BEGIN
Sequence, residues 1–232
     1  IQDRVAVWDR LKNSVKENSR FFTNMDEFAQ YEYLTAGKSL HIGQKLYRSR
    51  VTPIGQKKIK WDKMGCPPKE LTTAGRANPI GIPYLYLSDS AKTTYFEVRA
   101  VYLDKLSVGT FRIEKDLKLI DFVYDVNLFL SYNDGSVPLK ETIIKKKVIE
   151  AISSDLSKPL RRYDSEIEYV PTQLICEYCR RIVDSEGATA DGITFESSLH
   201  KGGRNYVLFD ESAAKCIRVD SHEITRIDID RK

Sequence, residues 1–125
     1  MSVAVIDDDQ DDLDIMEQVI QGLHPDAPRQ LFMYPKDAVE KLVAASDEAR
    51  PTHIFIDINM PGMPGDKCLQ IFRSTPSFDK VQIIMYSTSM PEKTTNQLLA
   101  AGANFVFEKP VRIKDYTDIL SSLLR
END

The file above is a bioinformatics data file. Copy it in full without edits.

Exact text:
Sequence, residues 1–232
     1  IQDRVAVWDR LKNSVKENSR FFTNMDEFAQ YEYLTAGKSL HIGQKLYRSR
    51  VTPIGQKKIK WDKMGCPPKE LTTAGRANPI GIPYLYLSDS AKTTYFEVRA
   101  VYLDKLSVGT FRIEKDLKLI DFVYDVNLFL SYNDGSVPLK ETIIKKKVIE
   151  AISSDLSKPL RRYDSEIEYV PTQLICEYCR RIVDSEGATA DGITFESSLH
   201  KGGRNYVLFD ESAAKCIRVD SHEITRIDID RK

Sequence, residues 1–125
     1  MSVAVIDDDQ DDLDIMEQVI QGLHPDAPRQ LFMYPKDAVE KLVAASDEAR
    51  PTHIFIDINM PGMPGDKCLQ IFRSTPSFDK VQIIMYSTSM PEKTTNQLLA
   101  AGANFVFEKP VRIKDYTDIL SSLLR